Friday, May 31, 2019

A foundation of this blog


I was going through some posts on my blog from May of 2010 the other day when the total number of posts written that month caught my eye.

I wrote 44 posts that month. This is not a surprise to me. I know I used to post to Night Owl Cards twice a day as often as I could and averaged 40 posts a month. But when my old habits hit me out of the blue like that, I am stunned. What kind of cyborg was I?

This May, I will have written 16 posts. This is post 16. That is one more than my record low for posts in a month, which happened twice last year.

Some may think I have gotten too "big" for this blog. Life is far busier due to my family health issues. Also there's the matter of writing for Beckett magazine. "Perhaps Mr. Big Shot Night Owl doesn't have the need for this particular writing exercise anymore? Perhaps he can't be bothered with those blog basics: trading, updating want lists, boasting about card acquisitions, etc?"

Well, maybe. But I'm going to try like hell to avoid letting that happen.

My blog has never been solely a trading vehicle or a card-displaying vehicle. I started this blog to write about my appreciation of cards, baseball and a little about life. Writing is the foundation of this blog, not cards or any other subject.

But there definitely are other foundation basics and when I deal with those on this blog, it feels like coming home. One of those is showcasing cards with blog trading buddies.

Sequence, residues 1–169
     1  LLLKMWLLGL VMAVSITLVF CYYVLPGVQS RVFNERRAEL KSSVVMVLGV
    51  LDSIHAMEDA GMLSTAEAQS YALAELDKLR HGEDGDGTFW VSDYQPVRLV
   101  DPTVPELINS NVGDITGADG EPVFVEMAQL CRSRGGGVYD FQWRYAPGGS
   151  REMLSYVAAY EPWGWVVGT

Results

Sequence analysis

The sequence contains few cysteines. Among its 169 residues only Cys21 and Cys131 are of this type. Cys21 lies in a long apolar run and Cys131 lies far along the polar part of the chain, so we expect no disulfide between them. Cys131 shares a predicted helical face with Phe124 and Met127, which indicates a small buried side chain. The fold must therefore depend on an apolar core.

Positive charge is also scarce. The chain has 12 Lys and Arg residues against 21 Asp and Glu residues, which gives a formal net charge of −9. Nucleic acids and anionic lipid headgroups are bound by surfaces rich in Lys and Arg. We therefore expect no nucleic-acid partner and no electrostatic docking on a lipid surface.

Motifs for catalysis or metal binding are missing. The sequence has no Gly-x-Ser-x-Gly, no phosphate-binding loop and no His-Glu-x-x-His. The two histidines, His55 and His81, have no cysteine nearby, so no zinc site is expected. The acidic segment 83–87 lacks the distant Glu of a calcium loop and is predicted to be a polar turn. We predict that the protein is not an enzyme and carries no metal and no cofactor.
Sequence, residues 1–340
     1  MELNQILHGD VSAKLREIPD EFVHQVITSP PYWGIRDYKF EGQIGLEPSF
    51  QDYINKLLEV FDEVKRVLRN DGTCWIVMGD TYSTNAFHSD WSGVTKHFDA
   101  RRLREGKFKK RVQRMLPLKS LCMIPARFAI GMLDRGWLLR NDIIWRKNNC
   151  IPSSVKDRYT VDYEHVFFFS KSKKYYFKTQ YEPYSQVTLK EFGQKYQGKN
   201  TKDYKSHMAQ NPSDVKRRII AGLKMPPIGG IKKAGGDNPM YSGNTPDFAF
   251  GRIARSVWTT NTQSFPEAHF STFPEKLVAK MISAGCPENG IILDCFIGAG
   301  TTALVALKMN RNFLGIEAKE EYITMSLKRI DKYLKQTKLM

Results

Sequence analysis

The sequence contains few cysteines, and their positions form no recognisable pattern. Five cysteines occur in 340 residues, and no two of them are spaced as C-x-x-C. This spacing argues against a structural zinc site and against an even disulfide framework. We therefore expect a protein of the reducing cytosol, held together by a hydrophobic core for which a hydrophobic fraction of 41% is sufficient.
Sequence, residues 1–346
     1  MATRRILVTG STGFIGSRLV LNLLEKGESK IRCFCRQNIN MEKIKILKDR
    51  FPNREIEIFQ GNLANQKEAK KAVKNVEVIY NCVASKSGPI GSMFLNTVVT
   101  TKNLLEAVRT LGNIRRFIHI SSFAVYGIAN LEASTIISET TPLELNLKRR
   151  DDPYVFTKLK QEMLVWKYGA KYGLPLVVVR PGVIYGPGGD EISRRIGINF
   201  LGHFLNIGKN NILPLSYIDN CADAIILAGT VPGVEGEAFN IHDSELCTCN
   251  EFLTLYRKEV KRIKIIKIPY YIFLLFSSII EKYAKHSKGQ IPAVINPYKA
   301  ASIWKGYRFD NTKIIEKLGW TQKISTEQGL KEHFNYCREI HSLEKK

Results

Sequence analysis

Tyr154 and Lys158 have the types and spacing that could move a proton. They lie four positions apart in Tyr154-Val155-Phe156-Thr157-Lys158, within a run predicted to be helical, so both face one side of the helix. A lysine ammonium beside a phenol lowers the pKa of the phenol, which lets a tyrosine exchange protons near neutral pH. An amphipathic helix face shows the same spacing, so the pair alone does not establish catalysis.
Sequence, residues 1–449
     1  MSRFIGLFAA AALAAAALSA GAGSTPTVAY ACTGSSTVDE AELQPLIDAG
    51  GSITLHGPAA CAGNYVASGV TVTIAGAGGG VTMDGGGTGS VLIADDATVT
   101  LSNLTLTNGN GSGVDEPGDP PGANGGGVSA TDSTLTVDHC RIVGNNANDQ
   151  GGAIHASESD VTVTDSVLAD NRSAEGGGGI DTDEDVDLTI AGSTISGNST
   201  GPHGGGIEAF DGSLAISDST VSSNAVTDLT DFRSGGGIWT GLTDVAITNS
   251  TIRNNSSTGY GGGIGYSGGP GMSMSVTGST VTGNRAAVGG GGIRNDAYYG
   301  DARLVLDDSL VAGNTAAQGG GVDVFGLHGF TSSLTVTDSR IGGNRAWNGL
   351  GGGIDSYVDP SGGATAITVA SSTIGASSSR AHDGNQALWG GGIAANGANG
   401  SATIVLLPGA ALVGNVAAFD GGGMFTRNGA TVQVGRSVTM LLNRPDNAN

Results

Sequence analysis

Even though my want lists are in disarray -- because really who has the time -- I keep old standbys like the Nebulous 9 going on the off-chance that somebody knows that night owl still trades cards.

Recently, P-Town Tom from Waiting 'Til Next Year took a wack at the Nebulous 9, taking five whole cards off of it, including ones that had been on there for the second-longest and third-longest period of time.

The most important cards that I received were from 1981 Fleer. The Mike Schmidt card at the top had lived at the Nebulous 9 for far too long. It was thought to be one of the final two cards I needed to complete the 1981 Fleer set. That was until I discovered there were a couple of other '81 Fleer wants that I had missed.

P-Town Tom took care of those, too:


So it's official now -- I've double-checked and everything -- I need just the one Rickey Henderson card to complete the '81 Fleer set. It's card #574. It gets confusing because there's another Henderson card in the set (#351) that looks almost identical to the other Henderson card. Trust me, 1981 Fleer was so weird when it came out because of things like this.